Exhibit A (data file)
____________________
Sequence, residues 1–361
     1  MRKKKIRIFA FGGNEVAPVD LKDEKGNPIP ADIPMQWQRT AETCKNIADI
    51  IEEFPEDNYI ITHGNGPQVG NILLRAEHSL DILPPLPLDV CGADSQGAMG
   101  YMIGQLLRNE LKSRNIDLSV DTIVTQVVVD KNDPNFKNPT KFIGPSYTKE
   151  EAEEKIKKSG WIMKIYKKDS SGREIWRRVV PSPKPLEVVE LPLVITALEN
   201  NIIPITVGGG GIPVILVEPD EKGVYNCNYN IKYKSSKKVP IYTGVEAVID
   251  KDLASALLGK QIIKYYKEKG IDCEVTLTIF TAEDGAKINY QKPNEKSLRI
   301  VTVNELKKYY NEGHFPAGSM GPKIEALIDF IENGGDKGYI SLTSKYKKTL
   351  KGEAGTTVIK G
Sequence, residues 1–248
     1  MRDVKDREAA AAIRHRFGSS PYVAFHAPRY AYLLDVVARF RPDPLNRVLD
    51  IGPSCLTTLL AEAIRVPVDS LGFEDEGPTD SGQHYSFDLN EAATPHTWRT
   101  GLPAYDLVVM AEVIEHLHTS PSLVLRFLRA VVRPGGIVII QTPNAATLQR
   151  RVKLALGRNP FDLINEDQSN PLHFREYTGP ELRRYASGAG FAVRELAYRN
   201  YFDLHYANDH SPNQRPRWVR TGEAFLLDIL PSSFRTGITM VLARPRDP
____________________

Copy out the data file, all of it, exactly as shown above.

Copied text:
Sequence, residues 1–361
     1  MRKKKIRIFA FGGNEVAPVD LKDEKGNPIP ADIPMQWQRT AETCKNIADI
    51  IEEFPEDNYI ITHGNGPQVG NILLRAEHSL DILPPLPLDV CGADSQGAMG
   101  YMIGQLLRNE LKSRNIDLSV DTIVTQVVVD KNDPNFKNPT KFIGPSYTKE
   151  EAEEKIKKSG WIMKIYKKDS SGREIWRRVV PSPKPLEVVE LPLVITALEN
   201  NIIPITVGGG GIPVILVEPD EKGVYNCNYN IKYKSSKKVP IYTGVEAVID
   251  KDLASALLGK QIIKYYKEKG IDCEVTLTIF TAEDGAKINY QKPNEKSLRI
   301  VTVNELKKYY NEGHFPAGSM GPKIEALIDF IENGGDKGYI SLTSKYKKTL
   351  KGEAGTTVIK G
Sequence, residues 1–248
     1  MRDVKDREAA AAIRHRFGSS PYVAFHAPRY AYLLDVVARF RPDPLNRVLD
    51  IGPSCLTTLL AEAIRVPVDS LGFEDEGPTD SGQHYSFDLN EAATPHTWRT
   101  GLPAYDLVVM AEVIEHLHTS PSLVLRFLRA VVRPGGIVII QTPNAATLQR
   151  RVKLALGRNP FDLINEDQSN PLHFREYTGP ELRRYASGAG FAVRELAYRN
   201  YFDLHYANDH SPNQRPRWVR TGEAFLLDIL PSSFRTGITM VLARPRDP